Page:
Strategies for giving effective written feedback to international students
The University of Idaho launched the Global Student Success Program in partnership with Navitas in 2017 and kicked off its first annual Spring Lecture Series for 2018 in March. The goal of the series was to share research and skills to support best practices in teaching international students and English language learners. The event brought together experienced faculty members from the Global Student Success Program and the American Language and Culture Program at the University of Idaho.
You can watch the full recording of Chad Eller’s presentation on strategies for giving effective written feedback and his examples here. Keep reading for a summary of the ideas below.
Have you ever been overwhelmed with grading, plowing through piles of essays with growing frustration at the tediousness of corrections? In giving students rules, we can sometimes forget to engage with the ideas being presented in their work. Some common pitfalls of giving written feedback and how to avoid them are outlined below.
- Unclear assignment instructions: There are often times when assignment instructions aren’t explicit enough or may be worded in a complicated, culturally specific way. When providing the instructions for an assignment, make sure they are very clear and direct. Rubrics which give students examples of the ‘product’ you’re looking for are really useful. It also helps to provide students with good and bad examples and explain what makes one good and one bad.
- Surface-level reading: When you’re grading, you’re looking for errors and things you want to correct. However, focusing on grammatical or formatting errors may cause you to forget to engage with the ideas being presented. Spend some time to really try to get what the students are saying.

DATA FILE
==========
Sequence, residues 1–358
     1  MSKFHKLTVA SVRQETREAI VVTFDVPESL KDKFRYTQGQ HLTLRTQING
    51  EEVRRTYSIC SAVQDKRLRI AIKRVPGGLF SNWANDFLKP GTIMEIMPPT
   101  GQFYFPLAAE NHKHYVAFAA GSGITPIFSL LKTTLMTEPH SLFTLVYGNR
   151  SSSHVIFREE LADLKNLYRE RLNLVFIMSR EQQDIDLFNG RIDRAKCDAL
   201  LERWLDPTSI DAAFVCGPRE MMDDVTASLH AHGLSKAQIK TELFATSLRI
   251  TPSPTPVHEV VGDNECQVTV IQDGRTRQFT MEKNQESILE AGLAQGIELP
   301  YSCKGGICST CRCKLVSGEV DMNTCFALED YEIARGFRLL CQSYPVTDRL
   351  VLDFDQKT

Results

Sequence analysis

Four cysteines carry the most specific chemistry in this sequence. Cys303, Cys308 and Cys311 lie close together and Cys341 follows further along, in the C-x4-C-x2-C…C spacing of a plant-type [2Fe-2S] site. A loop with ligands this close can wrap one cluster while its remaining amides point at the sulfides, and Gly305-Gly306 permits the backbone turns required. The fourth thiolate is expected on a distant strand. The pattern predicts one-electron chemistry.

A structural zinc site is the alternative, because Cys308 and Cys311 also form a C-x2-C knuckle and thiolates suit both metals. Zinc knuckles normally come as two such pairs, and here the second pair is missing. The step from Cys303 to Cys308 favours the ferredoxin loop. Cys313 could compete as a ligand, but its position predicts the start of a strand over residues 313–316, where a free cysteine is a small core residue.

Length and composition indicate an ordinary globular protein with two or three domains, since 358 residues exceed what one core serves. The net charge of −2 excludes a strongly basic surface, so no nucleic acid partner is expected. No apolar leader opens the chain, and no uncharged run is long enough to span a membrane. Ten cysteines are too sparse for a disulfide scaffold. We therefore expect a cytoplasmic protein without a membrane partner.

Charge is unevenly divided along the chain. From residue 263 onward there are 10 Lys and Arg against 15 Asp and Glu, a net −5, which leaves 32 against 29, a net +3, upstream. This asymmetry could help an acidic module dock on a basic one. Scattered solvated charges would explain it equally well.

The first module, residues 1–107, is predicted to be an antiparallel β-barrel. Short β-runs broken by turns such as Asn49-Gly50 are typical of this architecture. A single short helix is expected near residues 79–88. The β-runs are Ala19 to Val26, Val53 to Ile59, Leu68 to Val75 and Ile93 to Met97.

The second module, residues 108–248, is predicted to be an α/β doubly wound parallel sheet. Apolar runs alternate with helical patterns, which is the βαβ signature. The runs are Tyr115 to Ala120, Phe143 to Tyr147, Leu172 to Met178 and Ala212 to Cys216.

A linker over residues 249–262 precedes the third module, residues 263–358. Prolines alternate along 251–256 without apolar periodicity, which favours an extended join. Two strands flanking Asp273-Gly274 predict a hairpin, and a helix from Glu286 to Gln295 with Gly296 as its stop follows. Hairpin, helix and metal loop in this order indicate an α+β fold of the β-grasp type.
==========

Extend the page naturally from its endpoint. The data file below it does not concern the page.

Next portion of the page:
- Fear of hurting a student’s feelings: This can manifest in hedging feedback which could cause your comments to become unclear to students. Word your feedback in a way that is considerate, but also direct. If you’re engaging in a student’s ideas, they’re going to get a lot out of your feedback and strive to learn.
- Critiquing the student instead of the text: Sometimes it’s a matter of wording. Instead of saying, “You’re not making sense here”, you could say something like, “I didn’t understand this passage.”
- Trying to address all issues: For example, critiquing all the content as well as grammatical errors may overwhelm students which could potentially result in the student disengaging with the feedback.
Avoiding the pitfalls
- Respond as a reader: This means engaging with the text intellectually and emotionally. If you honestly engage with the ideas, the student/writer will likely take your critique in stride. Think of it as a dialogue.
- Use ‘I-statements’: For example: “I don’t get your meaning here”; “I laughed here”; “This is confusing to me.” Try to make the feedback more personal and constructive.
- Prioritize: To avoid overloading your students with corrections, choose two to four elements of the assignment to focus your critique.
- Be constructive: Word your feedback constructively. Don’t just correct errors, but give them some pointers on how to correct it.
A useful approach to give feedback effectively is to develop a longer-term plan to provide feedback gradually over the course of a few assignments. For instance, students may be required to complete three or four major essays over the duration of a course. To provide feedback in a focused and moderated way, you could address formatting and grammar in the earlier assignments, and then emphasize content or structure in later assignments. Consider how assignments can be scaffolded over one another as the student develops.
To keep students engaged, remember to use positive reinforcement, and set small tasks in your comments for students to revise areas of their assignment. This will give students the opportunity to continue to practice what they have learned.